Auguste Rodin may have behaved dishonorably towards Camille Claudel (b. 1864)– he carried on an adulterous relationship with her for several years and finally refused to leave his “other” wife of 20 years and marry her– but he was not the one who had her committed to an asylum March 1913 at the age of 49 and he was not the one who refused to allow her to be released for the rest of her life though her supportive father and several of her physicians and caretakers urged it.

There were reasons: Claudel had become paranoid and hysterical and destroyed much of her own work. More importantly, she became an embarrassment to the family.

It was her mother who wanted her kept, and it was her mother who insisted she remain in her prison (though it was her brother who signed the admission papers).

Claudel died on October 19, 1943, in the asylum Asile de Montdevergues). She left many letters, mostly to her brother, describing her predicament. He had no pity on her.

Claudel destroyed most of her work in 1905, but about 90 works survive. In the opinion of some, between her and Rodin, she was the greater talent.

The Subcommittee on Authentication of Authenticity

An original painting by Jean-Michel Basquiat from 1981-1983, regarded as his “peak” period, can sell for up to $16 million. No– wait: $29 million.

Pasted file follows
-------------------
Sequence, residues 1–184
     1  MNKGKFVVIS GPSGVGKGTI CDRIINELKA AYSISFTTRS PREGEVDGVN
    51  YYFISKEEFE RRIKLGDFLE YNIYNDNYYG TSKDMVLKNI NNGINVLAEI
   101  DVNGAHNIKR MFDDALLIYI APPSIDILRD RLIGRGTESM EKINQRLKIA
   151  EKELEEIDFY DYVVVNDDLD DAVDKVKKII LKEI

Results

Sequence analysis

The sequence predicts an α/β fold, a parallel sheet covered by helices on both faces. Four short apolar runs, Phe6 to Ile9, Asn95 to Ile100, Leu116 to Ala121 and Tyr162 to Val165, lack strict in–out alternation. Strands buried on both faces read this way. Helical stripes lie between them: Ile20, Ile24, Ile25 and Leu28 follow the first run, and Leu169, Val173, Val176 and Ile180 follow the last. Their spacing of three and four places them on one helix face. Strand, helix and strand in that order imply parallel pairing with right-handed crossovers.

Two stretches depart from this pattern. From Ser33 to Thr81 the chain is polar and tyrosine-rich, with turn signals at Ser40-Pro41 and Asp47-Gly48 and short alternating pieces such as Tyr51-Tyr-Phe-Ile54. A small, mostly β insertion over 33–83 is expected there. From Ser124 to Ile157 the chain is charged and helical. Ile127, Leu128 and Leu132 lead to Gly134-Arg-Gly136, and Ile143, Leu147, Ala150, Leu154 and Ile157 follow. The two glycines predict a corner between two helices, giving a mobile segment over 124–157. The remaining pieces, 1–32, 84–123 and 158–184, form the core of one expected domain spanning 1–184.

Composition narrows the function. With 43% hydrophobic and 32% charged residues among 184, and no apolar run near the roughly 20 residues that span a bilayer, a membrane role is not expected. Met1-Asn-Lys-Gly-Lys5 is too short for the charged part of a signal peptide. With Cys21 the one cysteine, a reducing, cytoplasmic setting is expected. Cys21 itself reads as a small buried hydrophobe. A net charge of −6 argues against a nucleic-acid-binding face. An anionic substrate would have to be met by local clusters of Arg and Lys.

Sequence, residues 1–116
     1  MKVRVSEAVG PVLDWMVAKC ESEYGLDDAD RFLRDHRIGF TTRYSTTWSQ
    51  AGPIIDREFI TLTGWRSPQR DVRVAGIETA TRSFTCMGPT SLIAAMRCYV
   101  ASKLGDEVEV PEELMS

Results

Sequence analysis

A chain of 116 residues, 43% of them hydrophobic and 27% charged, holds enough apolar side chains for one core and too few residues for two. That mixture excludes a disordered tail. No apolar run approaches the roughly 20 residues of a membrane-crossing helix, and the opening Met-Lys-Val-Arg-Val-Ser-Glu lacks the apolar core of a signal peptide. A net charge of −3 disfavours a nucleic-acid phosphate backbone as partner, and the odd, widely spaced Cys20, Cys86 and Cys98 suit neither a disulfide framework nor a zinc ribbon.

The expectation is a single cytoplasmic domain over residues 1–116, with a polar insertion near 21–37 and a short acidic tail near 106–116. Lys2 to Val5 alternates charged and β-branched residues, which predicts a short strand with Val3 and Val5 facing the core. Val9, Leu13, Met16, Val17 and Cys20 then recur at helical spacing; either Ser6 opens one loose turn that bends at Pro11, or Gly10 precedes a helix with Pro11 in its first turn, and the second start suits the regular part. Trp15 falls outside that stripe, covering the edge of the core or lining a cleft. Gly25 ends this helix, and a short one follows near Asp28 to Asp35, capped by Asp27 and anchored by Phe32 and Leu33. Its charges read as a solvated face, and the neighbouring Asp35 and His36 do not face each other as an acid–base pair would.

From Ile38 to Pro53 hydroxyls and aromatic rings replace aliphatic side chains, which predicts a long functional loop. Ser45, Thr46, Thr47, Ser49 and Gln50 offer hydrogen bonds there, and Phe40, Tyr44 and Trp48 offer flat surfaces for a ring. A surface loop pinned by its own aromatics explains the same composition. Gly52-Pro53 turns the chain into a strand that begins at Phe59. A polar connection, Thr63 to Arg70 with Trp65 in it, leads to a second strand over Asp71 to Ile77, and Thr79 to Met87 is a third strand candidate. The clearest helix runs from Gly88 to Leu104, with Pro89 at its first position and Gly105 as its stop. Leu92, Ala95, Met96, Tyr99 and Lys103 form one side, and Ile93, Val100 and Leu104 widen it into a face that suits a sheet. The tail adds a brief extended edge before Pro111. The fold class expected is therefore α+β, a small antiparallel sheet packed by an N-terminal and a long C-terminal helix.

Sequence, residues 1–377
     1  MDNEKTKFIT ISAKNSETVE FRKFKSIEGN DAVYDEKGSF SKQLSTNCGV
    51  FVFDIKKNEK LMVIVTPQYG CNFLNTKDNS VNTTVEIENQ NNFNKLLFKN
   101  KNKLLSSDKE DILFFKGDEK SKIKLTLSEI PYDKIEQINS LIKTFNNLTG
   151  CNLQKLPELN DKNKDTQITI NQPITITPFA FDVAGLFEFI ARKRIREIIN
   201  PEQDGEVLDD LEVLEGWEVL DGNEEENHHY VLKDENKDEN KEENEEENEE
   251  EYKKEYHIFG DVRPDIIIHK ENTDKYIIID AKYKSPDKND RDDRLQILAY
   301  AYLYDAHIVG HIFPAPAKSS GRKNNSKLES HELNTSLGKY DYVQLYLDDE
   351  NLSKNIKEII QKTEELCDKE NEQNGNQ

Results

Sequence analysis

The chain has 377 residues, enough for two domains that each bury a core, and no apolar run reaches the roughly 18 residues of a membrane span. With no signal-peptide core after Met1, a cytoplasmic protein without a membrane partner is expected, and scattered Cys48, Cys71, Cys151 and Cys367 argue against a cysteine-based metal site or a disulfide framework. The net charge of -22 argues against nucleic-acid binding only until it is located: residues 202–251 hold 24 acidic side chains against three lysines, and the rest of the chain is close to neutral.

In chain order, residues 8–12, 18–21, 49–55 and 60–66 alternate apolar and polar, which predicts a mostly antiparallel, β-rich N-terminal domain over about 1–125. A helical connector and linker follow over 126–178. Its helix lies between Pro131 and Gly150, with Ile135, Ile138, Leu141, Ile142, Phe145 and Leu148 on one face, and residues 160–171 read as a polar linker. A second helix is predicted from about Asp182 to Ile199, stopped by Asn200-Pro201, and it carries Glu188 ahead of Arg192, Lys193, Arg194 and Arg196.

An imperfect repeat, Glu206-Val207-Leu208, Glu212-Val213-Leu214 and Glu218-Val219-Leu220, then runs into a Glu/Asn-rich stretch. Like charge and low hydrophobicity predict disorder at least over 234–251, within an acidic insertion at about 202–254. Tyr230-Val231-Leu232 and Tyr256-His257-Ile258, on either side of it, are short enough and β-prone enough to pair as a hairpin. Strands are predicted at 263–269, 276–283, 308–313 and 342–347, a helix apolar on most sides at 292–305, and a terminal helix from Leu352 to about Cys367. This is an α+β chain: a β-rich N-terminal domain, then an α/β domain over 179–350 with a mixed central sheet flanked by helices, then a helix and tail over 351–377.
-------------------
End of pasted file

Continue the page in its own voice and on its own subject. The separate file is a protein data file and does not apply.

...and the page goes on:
Basquiat made some money from his own work but artists almost never make the really big money, for two reasons. Firstly, works of art don’t sell for all that much until the artist is dead. Secondly, art is a racket. By “racket”, I mean that nobody really knows what the value of a work of art is until the institutional forces that manage, manipulate, and arrange the art world take hold of it. Basquiat is definitely safely dead, and his works are distinctive, so the art world can now play it’s role. He must be desired to be desired, wanted to be begged, and rare enough to be valuable. But Basquiat’s works will never be as rare as collectors think because it is in no one’s interest to promote the idea that there are a lot of Basquiats out there. [I just heard that someone living in a flooded are of Calgary had an original Van Gogh painting in his house.]


There was, for a time, something called the “Authentication Committee”. You see, a Basquiat is not valuable to anyone because of what it looks like, in spite of utter drivel you will hear:

“he painted a calculated incoherence, calibrating the mystery of what such apparently meaning-laden pictures might ultimately mean” (Marc Mayer, Basquiat in History).


Basquiat paintings are very, very valuable because they, like all other collected art, have become a form of currency. They might as well be currency. Above is a $7 million bill.